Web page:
Top Ten Tuesday: ten books that celebrate diversity/diverse characters


Top Ten Tuesday is a weekly meme hosted by The Broke and Bookish.

This was actuallt hard. Mostly because I couldn’t immediatly think of any books. But after a little while I realised I’ve read several books with diverse characters. These are in no particular order, despite being numbered. It’s just in the order I thought of them.

  1. Switched by Amanda Hocking. This book has Tove, who is not only gay but beginning to have severe mental problems. I loved him and he was my favourite in the trilogy.
  2. The Help by Kathryn Stockett. This book is all about the black maids in 1950’s Mississippi and felt like it probably was a very truthful representation of the black people’s situation back then in the US and even what several of them experience today.
  3. Eleanor & Park by Rainbow Rowell, Park is a poc and a super lovely character overall.
  4. The Hunger Games by Suzanne Collins. Not only does it contain several poc’s but it also has several characters that either already has disabilities or gains them during the duraton of the trilogy (something the films misses).
  5. The Kite Runner by Khaled Hosseini. It is mostly set in Afghanistan and therefore 97% of the characters are poc’s from different countries.
  6. Dark Lover by J.R. Ward. The main character is blind.
  7. One Flew Over the Cuckoo’s Nest by Ken Kesey. It literally takes place in a mental institution.
  8. Lover Mine by J.R. Ward. The main character is mute. And in several of the books we have both gay characters. genderfluid and poc’s.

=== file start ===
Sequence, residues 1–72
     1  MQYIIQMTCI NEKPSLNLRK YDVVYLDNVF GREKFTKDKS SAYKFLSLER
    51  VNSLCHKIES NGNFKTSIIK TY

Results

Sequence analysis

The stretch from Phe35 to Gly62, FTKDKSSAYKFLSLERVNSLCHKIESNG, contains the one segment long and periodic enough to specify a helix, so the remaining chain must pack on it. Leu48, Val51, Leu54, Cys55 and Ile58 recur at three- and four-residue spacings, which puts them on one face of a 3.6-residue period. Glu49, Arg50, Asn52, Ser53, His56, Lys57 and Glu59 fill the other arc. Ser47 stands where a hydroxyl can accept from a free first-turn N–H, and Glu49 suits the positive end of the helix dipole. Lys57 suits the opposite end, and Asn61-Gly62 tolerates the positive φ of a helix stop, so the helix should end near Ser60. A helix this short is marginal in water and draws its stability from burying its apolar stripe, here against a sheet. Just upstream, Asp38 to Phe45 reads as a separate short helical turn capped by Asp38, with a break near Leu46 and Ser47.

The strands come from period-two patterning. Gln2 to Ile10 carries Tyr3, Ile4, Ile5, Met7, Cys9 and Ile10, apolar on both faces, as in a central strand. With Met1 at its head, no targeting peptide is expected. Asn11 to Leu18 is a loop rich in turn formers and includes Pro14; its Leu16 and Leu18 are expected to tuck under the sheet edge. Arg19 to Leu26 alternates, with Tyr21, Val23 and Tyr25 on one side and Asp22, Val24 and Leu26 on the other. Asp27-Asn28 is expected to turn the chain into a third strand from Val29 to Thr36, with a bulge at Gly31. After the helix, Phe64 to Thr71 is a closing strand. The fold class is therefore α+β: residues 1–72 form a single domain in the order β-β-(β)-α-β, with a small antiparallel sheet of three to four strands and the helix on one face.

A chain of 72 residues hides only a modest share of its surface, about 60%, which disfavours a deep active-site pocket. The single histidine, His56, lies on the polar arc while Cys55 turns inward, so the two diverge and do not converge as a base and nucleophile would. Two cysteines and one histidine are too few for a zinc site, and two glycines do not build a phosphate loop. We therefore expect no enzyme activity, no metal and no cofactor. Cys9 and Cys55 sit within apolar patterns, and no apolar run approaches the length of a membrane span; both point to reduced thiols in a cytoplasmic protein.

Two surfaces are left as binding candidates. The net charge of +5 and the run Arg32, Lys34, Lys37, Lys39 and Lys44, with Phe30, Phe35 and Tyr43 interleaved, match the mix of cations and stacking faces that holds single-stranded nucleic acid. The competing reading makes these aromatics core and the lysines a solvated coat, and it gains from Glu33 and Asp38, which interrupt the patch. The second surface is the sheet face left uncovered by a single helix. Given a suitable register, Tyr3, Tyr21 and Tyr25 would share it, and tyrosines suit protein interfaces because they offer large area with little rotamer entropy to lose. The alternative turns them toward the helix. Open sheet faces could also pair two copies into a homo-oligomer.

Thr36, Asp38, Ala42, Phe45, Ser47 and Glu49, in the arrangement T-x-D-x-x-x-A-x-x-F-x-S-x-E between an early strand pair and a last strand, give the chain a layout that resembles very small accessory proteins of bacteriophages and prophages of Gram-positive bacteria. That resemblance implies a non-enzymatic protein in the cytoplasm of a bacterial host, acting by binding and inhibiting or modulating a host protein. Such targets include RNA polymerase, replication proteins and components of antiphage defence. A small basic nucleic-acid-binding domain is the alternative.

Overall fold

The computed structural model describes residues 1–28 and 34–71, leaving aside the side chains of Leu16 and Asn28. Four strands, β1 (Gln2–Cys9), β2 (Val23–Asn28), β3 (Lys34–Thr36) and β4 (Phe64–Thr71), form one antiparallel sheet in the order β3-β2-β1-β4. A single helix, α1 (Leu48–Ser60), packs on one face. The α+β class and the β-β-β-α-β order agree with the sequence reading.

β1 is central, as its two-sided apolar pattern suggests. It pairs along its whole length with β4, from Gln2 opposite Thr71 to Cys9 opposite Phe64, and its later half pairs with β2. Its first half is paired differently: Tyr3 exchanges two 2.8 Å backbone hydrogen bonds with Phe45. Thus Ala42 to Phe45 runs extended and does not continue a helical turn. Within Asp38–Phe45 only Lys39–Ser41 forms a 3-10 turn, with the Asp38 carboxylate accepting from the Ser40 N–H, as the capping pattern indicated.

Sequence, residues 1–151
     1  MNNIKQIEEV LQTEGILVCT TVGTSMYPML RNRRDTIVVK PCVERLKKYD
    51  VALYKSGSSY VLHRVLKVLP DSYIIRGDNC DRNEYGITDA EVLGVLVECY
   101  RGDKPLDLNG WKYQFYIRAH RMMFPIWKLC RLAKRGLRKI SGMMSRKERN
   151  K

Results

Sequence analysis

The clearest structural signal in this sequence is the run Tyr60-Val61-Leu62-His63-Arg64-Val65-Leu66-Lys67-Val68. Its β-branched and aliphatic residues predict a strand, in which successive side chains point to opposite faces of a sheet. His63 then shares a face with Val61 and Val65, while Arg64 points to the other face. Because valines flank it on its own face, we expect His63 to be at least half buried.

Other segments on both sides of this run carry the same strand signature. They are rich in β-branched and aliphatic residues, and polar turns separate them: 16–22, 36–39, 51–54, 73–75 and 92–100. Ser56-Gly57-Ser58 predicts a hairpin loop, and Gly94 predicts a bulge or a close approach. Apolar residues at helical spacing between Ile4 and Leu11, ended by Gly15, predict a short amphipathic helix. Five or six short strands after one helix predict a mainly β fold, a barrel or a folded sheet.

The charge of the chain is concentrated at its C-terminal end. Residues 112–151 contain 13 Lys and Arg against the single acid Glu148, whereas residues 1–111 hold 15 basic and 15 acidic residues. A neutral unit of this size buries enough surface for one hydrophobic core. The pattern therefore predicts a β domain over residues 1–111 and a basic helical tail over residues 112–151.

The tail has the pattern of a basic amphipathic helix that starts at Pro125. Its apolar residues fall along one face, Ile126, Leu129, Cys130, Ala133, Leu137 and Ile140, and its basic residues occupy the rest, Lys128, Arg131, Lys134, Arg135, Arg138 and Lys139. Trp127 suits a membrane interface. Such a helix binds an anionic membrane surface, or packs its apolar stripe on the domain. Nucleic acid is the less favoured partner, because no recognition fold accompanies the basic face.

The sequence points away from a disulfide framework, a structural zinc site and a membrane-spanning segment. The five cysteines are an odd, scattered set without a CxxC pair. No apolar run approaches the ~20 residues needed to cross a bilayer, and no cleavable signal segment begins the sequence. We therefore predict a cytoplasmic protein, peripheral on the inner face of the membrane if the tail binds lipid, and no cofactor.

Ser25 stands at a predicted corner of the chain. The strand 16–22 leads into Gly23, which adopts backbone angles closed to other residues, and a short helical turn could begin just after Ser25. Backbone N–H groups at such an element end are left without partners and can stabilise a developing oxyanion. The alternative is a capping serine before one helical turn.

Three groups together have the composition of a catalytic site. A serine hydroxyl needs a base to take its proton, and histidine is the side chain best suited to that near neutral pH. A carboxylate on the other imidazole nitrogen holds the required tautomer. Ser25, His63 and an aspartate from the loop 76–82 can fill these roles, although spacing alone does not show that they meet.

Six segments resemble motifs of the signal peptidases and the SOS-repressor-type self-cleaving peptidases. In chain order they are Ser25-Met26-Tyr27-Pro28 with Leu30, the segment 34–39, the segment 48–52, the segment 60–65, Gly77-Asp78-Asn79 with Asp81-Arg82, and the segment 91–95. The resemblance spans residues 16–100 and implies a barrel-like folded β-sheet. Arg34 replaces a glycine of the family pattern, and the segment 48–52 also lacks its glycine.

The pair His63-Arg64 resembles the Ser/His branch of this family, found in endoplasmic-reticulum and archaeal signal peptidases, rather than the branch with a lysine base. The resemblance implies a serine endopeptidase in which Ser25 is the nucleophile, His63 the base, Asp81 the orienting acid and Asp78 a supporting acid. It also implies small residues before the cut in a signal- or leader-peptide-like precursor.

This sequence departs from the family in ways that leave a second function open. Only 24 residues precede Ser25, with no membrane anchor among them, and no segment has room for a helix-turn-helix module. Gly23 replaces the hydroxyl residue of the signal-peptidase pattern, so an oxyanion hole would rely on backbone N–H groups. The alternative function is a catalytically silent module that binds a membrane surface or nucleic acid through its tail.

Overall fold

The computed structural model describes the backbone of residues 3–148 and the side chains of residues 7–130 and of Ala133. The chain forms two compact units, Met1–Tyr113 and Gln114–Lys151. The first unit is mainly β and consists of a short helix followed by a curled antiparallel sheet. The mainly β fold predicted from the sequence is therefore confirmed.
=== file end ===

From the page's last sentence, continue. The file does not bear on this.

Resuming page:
9. The Gateway Through Which They Came by Heather Marie. The main character Aiden is a poc.
  10. The Wall’s Around Us by Nova Ren Suma. Several poc’s and it takes place in a juvenile detention center for young girls.

I know that several of the books I read somehow features character of diversity but I realised when making this list that very few contains a main character that represent diversity in the form of colour, gender roles, LGBTQIA, disabilites, ethnic, cultural or religion. At least not when it is rooted in “reality”, as in religions and ethnic groups that exist in real life.

What is your top ten this week?


5 thoughts on “Top Ten Tuesday: ten books that celebrate diversity/diverse characters

    • That is very true. I wanted to say I read diversly but apparently I need to step up my game by a lot. It’s a good thing to be reminded of the fact that just like in films and TV-series, white cis people are mostly the main characters in books as well. Thank you so much for commenting 😀


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